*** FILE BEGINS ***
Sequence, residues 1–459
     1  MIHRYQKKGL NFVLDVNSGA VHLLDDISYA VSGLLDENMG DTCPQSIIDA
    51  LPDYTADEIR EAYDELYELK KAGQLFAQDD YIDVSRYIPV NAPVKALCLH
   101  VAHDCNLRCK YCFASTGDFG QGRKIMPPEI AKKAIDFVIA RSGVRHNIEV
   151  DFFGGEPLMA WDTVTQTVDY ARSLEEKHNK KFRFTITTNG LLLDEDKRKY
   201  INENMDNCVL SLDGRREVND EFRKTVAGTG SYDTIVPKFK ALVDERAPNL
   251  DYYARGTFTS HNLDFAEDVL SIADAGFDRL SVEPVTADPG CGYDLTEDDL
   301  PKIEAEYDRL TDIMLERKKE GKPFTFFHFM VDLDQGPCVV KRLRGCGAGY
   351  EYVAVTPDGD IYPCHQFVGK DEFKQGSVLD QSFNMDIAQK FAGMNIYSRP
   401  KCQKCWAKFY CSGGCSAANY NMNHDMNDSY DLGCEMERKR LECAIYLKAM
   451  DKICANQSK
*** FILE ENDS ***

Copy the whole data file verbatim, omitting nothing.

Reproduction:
Sequence, residues 1–459
     1  MIHRYQKKGL NFVLDVNSGA VHLLDDISYA VSGLLDENMG DTCPQSIIDA
    51  LPDYTADEIR EAYDELYELK KAGQLFAQDD YIDVSRYIPV NAPVKALCLH
   101  VAHDCNLRCK YCFASTGDFG QGRKIMPPEI AKKAIDFVIA RSGVRHNIEV
   151  DFFGGEPLMA WDTVTQTVDY ARSLEEKHNK KFRFTITTNG LLLDEDKRKY
   201  INENMDNCVL SLDGRREVND EFRKTVAGTG SYDTIVPKFK ALVDERAPNL
   251  DYYARGTFTS HNLDFAEDVL SIADAGFDRL SVEPVTADPG CGYDLTEDDL
   301  PKIEAEYDRL TDIMLERKKE GKPFTFFHFM VDLDQGPCVV KRLRGCGAGY
   351  EYVAVTPDGD IYPCHQFVGK DEFKQGSVLD QSFNMDIAQK FAGMNIYSRP
   401  KCQKCWAKFY CSGGCSAANY NMNHDMNDSY DLGCEMERKR LECAIYLKAM
   451  DKICANQSK